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Kato Brand launched in Los Angeles in 2013. Noguchi soon joined the company and relocated to the United States for the new job. He would lead the company in developing a brand revolving around USA-made clothing built with quality Japanese selvedge denim.

His fashion philosophy is baked into Kato: Make it timeless. Make it last. And make it comfortable.

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Noguchi gave me a whole tour of the factory floor, from start to finish.

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The factory is massive, housing more fresh jeans and new denim than I’ve ever seen in my life, but it’s not all for Kato Brand. This is a shared workspace among a handful of other garment and denim brands, including Madewell, Imogene and Willie, and MOTHER, to name a few.

“Our office is in the factory, so we can see every process in here, so we can do the quality control,” said Noguchi.

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First, Noguchi showed me where the rolls of selvedge arrived from Japan. Kato’s denim is created on vintage looms in Okayama before being shipped to the US.

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Next was the cutting room. From each roll of denim, jeans are cut to exact specifications by hand. 

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Once cut to size, the jeans were then sewn together. Final stitching was completed on old industrial sewing machines. Noguchi said each worker can complete the stitching for about three pairs of jeans per day.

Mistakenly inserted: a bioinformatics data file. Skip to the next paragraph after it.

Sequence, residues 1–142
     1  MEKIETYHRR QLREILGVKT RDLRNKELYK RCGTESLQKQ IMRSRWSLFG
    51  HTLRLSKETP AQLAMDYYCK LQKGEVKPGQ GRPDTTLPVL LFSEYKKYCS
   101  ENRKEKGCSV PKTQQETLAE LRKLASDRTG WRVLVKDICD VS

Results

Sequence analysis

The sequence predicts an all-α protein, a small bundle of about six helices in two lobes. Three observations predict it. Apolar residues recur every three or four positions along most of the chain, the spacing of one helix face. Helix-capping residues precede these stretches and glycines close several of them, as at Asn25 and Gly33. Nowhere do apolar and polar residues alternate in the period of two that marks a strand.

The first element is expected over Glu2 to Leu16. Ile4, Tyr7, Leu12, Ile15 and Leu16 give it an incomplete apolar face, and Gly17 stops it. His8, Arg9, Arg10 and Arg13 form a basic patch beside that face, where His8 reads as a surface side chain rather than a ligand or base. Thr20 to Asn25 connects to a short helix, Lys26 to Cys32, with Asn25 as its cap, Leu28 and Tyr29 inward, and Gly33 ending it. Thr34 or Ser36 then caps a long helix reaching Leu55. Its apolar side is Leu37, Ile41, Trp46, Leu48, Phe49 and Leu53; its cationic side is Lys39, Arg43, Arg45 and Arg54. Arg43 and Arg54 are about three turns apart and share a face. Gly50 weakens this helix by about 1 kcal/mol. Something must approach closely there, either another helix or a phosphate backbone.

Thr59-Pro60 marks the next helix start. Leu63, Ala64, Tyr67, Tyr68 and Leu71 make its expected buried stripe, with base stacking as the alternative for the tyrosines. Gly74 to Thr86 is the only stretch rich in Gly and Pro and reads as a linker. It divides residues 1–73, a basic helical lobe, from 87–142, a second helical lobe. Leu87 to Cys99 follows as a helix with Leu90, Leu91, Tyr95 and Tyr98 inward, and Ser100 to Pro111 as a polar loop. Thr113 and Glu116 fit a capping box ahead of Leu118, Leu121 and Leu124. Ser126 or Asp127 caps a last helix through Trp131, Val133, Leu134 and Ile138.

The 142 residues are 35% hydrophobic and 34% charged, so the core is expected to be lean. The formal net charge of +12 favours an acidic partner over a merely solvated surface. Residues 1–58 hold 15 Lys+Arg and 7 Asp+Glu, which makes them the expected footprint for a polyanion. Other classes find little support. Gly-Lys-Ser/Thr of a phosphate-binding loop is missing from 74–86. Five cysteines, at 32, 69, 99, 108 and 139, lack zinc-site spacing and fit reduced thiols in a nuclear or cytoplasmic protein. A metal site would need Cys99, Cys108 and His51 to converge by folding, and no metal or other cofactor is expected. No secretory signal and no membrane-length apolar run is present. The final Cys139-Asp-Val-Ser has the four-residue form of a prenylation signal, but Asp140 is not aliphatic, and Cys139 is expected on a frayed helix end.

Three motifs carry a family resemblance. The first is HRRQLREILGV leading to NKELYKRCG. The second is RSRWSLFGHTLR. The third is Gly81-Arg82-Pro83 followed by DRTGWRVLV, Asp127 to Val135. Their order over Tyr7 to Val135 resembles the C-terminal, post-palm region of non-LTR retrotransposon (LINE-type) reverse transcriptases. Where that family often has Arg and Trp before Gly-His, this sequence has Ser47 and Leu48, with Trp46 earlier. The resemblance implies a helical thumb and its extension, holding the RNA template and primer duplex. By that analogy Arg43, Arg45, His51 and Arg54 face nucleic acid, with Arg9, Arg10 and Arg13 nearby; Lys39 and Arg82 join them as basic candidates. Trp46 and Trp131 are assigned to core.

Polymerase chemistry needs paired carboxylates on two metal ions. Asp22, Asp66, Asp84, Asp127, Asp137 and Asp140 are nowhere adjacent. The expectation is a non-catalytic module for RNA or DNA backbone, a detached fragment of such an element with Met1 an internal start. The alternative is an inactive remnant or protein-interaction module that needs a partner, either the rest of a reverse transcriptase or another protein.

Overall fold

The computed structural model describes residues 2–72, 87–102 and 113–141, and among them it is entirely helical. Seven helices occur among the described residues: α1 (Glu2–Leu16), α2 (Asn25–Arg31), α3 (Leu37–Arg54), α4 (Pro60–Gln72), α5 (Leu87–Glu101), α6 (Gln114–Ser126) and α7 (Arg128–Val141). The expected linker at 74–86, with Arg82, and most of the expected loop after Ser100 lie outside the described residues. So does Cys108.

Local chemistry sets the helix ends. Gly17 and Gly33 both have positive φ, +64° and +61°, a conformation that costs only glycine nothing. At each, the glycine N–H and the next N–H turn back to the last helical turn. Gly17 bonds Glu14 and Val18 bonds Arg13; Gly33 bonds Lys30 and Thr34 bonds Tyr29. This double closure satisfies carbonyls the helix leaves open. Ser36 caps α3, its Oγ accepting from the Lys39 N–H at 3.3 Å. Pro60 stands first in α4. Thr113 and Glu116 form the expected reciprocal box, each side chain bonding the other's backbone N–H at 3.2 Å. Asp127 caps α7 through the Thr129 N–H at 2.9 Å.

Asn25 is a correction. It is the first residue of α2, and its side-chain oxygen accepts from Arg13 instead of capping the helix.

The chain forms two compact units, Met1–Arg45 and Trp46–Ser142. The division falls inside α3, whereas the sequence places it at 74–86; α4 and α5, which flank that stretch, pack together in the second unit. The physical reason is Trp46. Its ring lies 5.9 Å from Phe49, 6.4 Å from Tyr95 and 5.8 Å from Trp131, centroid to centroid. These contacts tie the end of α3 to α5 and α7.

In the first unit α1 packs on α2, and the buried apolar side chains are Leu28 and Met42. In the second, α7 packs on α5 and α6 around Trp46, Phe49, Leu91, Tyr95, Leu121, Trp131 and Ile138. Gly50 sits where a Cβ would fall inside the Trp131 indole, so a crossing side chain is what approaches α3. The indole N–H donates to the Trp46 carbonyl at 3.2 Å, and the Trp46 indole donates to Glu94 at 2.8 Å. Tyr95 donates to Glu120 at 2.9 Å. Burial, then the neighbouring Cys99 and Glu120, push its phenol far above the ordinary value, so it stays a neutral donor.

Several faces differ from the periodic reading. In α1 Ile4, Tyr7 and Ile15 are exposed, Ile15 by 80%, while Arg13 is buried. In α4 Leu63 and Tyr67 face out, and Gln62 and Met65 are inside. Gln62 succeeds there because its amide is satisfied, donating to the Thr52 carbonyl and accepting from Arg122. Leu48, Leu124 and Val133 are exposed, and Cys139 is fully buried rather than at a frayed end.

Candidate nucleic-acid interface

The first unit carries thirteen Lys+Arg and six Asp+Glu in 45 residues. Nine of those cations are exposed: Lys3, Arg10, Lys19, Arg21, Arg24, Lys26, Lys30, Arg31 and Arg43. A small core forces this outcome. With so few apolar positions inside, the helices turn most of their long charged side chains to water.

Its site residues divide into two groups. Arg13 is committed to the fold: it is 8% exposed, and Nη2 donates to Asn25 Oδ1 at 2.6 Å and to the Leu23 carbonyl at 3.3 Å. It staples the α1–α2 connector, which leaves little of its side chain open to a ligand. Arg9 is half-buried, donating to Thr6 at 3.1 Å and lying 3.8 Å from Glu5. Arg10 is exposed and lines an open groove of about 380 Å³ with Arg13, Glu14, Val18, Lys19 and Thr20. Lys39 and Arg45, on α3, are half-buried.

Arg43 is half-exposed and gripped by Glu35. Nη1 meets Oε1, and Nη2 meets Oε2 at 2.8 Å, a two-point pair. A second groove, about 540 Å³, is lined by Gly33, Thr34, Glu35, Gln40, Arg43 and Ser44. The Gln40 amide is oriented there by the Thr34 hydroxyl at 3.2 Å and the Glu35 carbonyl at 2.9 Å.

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The raw denim was then sent to the washing room.

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Rows of tall laundry machines nearly ten feet tall lined the factory floor. Depending on the desired wash or fade, the jeans were piled into the washers with dyes, bleaches or pumice stones to destress the fabric.

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If the style of Kato jeans called for a specific fade, the pants were sent over to a team of workers manually sanding the top layers of the denim.

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A Dremel tool with a sliver of sandpaper on the end was used to carefully rough up pockets and edges.

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Finally the pants were sent over to the finishing department, where buttons, rivets, and patches were sewn on before packaging.

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It was clear to me that Noguchi is an expert in each part of the process. He visually inspected the jeans, from the washroom to the final riveting, to assure their quality. He pointed out fine details in production I missed on first glance that made Kato Brand clothing unique. 

“I wanted to add those vintage details so people will be able to continue to wear long time and pass down the generation,” said Noguchi.

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Kato Brand is a growing company, but Noguchi said he never wants the business to get too big. It’s the quality control and the hand-made touches from American workers that cut to the brand’s core.

That same passion for quality over quantity is what draws Noguchi to Heritage style boots as well. He has his own collection that includes White’s, Alden and Red Wing. His favorite pair right now are his Red Wing Moc Toe boots.

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At the end of my tour, Noguchi walked me back out through the bustling factory to my car in the parking lot. I could see him waving goodbye to me as I drove off. 

I’m interested to see what’s in the future for Kato Brand. The denim company has expanded to include a number of interesting garments, from fashionable oxford shirts to fatigue pants. 

Only Noguchi knows what will come next. And based on the few glimpses I saw on his mood board for his Spring 2025 line, and his commitment to making clothing the right way, I have no doubt whatever clothing he helps create will be around much longer than me.